Chapter 12 discusses the decision-making and control implications of standard labor and material costs. Chapter 13 extends the discussion to overhead and marketing vari- ances. Chapters 12 and 13 can be omitted without interrupting the flow of later material. Finally, Chapter 14 synthesizes the course by reviewing the conceptual framework and applying it to various organizational innovations, such as total quality management, just in time, six sigma, lean production, and the balanced scorecard. These innovations provide an opportunity to apply the analytic framework underlying the text.
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Acknowledgments William Vatter and George Benston motivated my interest in managerial accounting. The genesis for this book and its approach reflect the oral tradition of my colleagues, past and present, at the University of Rochester. William Meckling and Michael Jensen stimu- lated my thinking and provided much of the theoretical structure underlying the book, as anyone familiar with their work will attest. My long and productive collaboration with Ross Watts sharpened my analytical skills and further refined the approach. He also fur- nished most of the intellectual capital for Chapter 3, including the problem material. Ray Ball has been a constant source of ideas. Clifford Smith and James Brickley continue to enhance my economic education. Three colleagues, Andrew Christie, Dan Gode, and Scott Keating, supplied particularly insightful comments that enriched the analysis at critical junctions. Valuable comments from Anil Arya, Ron Dye, Andy Leone, Dale Morse, Ram Ramanan, K. Ramesh, Shyam Sunder, and Joseph Weintrop are gratefully acknowledged.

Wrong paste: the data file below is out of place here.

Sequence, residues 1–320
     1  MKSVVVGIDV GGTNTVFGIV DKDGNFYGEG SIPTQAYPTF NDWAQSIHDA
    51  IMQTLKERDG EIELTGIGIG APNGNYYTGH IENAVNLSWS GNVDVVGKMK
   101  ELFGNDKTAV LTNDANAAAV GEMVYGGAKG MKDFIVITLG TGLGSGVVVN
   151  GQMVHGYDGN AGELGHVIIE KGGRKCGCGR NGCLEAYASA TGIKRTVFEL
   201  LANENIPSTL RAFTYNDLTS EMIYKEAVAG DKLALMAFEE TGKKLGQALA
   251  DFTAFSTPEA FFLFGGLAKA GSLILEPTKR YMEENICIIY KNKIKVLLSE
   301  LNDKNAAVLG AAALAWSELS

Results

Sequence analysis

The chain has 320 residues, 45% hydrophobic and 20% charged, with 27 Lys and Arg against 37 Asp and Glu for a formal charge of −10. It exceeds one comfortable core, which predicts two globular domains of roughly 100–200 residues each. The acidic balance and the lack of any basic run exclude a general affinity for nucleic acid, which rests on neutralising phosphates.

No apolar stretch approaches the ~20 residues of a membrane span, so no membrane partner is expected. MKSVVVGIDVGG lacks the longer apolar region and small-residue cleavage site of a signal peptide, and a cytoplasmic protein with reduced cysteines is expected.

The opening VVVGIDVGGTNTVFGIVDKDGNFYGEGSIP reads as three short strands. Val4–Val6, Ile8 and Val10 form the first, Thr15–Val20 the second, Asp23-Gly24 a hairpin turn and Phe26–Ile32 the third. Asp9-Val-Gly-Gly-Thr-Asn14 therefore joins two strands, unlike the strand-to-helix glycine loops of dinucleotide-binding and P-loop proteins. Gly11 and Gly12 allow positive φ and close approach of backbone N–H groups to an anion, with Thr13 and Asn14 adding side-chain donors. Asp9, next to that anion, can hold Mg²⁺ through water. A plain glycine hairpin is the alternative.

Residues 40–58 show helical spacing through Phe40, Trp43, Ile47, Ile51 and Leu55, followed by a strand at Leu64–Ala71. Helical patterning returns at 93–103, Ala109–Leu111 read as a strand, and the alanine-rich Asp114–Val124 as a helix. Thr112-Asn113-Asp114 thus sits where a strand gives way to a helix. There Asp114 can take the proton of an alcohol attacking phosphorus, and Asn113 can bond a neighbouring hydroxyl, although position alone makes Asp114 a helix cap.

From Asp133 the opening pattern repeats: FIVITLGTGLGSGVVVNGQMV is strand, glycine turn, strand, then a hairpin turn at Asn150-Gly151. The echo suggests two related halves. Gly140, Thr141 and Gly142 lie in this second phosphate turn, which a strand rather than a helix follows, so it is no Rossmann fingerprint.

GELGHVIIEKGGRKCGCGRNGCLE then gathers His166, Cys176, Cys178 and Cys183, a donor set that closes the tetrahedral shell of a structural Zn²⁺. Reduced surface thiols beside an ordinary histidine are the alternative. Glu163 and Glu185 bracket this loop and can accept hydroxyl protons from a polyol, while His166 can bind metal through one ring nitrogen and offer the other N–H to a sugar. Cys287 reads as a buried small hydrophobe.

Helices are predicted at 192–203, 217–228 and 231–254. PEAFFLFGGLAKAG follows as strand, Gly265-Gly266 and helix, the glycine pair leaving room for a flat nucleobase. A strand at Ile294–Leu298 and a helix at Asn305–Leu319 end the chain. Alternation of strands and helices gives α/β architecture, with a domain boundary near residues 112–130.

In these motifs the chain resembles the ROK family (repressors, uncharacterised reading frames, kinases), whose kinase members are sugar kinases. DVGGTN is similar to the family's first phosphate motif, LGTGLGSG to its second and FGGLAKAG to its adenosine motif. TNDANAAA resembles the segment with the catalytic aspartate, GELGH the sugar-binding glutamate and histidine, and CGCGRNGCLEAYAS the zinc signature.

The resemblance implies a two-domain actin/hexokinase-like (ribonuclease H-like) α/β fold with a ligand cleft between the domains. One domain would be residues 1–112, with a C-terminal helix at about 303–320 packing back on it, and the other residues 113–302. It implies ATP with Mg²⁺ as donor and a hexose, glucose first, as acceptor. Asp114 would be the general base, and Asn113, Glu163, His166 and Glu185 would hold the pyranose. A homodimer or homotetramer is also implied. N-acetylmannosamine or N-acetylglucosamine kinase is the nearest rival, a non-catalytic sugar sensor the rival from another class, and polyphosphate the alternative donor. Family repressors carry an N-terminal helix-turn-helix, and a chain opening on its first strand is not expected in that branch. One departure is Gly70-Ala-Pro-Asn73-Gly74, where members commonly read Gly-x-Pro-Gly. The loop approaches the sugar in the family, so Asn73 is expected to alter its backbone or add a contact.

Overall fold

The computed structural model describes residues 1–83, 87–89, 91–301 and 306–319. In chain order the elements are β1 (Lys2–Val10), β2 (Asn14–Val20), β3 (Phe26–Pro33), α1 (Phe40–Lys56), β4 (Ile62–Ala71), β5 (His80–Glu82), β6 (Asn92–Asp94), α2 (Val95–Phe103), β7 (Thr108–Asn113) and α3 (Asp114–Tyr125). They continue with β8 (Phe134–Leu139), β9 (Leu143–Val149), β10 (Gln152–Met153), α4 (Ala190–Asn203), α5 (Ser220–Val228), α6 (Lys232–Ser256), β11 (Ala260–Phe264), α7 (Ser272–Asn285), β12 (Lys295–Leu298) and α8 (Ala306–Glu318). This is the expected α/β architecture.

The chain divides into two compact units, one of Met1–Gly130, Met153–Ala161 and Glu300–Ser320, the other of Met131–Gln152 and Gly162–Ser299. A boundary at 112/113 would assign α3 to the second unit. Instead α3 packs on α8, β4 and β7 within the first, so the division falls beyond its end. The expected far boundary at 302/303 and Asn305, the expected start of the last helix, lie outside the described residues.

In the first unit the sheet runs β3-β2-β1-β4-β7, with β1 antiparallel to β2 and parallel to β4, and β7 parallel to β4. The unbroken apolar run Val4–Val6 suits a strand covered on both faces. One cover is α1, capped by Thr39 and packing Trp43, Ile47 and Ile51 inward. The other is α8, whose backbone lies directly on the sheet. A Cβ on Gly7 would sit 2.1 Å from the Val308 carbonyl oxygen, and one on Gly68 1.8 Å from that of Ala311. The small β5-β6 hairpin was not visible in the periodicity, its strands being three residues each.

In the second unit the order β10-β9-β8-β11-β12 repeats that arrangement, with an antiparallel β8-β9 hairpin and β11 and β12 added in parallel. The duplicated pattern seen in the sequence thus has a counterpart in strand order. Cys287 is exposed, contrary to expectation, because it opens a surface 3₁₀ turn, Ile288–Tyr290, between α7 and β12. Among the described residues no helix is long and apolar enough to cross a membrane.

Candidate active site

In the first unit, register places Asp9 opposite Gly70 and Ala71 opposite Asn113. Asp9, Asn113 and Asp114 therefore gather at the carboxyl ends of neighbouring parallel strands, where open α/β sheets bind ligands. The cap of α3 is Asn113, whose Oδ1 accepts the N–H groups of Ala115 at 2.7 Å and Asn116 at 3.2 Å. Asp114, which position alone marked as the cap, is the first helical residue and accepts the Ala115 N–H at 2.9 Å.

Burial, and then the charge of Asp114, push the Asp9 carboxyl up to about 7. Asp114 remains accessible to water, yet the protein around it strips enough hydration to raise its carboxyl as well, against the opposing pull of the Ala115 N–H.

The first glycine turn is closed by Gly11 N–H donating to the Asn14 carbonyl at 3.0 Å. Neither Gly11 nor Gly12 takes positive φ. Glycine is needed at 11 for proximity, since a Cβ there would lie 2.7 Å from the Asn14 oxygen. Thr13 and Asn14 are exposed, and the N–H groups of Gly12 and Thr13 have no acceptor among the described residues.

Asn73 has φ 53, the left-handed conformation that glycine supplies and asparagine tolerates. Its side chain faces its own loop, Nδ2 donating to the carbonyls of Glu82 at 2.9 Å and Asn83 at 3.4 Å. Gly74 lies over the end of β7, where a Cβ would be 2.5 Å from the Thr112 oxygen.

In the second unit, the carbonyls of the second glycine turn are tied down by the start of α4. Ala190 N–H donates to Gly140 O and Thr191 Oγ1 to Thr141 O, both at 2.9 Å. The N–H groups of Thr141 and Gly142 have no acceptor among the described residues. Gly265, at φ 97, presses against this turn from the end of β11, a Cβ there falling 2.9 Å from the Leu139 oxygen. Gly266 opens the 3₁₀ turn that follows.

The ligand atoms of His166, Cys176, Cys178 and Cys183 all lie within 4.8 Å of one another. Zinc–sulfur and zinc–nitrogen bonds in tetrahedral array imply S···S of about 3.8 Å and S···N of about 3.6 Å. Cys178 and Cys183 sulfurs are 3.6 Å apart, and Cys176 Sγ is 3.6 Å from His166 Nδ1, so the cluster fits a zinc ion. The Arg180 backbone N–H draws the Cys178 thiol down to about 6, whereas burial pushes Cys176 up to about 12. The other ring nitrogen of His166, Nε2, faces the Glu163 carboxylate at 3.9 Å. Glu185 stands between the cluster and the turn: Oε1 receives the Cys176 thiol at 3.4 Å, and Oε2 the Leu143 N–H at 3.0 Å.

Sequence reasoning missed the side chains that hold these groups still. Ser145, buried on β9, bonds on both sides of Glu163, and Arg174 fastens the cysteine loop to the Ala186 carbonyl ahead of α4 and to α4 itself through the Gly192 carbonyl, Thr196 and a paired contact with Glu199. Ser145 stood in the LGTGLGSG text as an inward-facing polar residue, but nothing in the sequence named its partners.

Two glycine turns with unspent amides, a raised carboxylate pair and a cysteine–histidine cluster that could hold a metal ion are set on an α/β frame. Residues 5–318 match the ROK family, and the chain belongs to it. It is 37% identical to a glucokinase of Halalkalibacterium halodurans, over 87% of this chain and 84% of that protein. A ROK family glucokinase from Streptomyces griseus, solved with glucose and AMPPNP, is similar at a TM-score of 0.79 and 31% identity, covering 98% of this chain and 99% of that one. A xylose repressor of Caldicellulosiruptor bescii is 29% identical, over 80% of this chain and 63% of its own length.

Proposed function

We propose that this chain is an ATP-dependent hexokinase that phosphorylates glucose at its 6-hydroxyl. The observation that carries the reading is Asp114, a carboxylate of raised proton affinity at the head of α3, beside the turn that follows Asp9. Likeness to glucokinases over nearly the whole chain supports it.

This project benefited greatly from the honest and intelligent feedback of numerous instructors. I wish to thank Mahendra Gupta, Susan Hamlen, Badr Ismail, Charles Kile, Leslie Kren, Don May, William Mister, Mohamed Onsi, Ram Ramanan, Stephen Ryan, Michael Sandretto, Richard Sansing, Deniz Saral, Gary Schneider, Joe Weber, and William Yancey. This book also benefited from two other projects with which I have been involved. Writing Managerial Economics and Organizational Architecture (McGraw Hill Education, 2016) with James Brickley and Clifford Smith and Management Accounting in a Dynamic Environment (Routledge, 2016) with Cheryl McWatters helped me to better understand how to present certain topics.
To the numerous students who endured the development process, I owe an enormous debt of gratitude. I hope they learned as much from the material as I learned teaching them. Some were even kind enough to provide critiques and suggestions, in particular Jan Dick Eijkelboom. Others supplied, either directly or indirectly, the problem material in the text. The able research assistance of P. K. Madappa, Eamon Molloy, Jodi Parker, Steve Sand- ers, Richard Sloan, and especially Gary Hurst, contributed amply to the manuscript and problem material. Janice Willett and Barbara Schnathorst did a superb job of editing the manuscript and problem material.
The very useful comments and suggestions from the following reviewers are greatly appreciated:
Urton Anderson Howard M. Armitage Vidya Awasthi Kashi Balachandran Da-Hsien Bao Ron Barden Howard G. Berline Margaret Boldt David Borst Eric Bostwick Marvin L. Bouillon Wayne Bremser David Bukovinsky Linda Campbell
William M. Cready James M. Emig Gary Fane Anita Feller Tahirih Foroughi Ivar Fris Jackson F. Gillespie Irving Gleim Jon Glover Gus Gordon Sylwia Gornik-Tomaszewski Tony Greig Susan Haka Bert Horwitz
Steven Huddart Robert Hurt Douglas A. Johnson Lawrence A. Klein Thomas Krissek A. Ronald Kucic Daniel Law Chi-Wen Jevons Lee Suzanne Lowensohn James R. Martin Alan H. McNamee Marilyn Okleshen Shailandra Pandit Sam Phillips